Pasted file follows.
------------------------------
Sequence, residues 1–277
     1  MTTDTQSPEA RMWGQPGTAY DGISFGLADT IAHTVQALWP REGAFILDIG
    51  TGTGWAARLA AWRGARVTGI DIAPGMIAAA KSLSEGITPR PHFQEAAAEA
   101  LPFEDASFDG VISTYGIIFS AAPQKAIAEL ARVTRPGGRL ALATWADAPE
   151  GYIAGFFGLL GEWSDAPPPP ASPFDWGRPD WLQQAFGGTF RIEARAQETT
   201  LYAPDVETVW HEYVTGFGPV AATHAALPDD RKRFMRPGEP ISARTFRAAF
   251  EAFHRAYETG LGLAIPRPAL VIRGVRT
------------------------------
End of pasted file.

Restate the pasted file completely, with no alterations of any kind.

Sequence, residues 1–277
     1  MTTDTQSPEA RMWGQPGTAY DGISFGLADT IAHTVQALWP REGAFILDIG
    51  TGTGWAARLA AWRGARVTGI DIAPGMIAAA KSLSEGITPR PHFQEAAAEA
   101  LPFEDASFDG VISTYGIIFS AAPQKAIAEL ARVTRPGGRL ALATWADAPE
   151  GYIAGFFGLL GEWSDAPPPP ASPFDWGRPD WLQQAFGGTF RIEARAQETT
   201  LYAPDVETVW HEYVTGFGPV AATHAALPDD RKRFMRPGEP ISARTFRAAF
   251  EAFHRAYETG LGLAIPRPAL VIRGVRT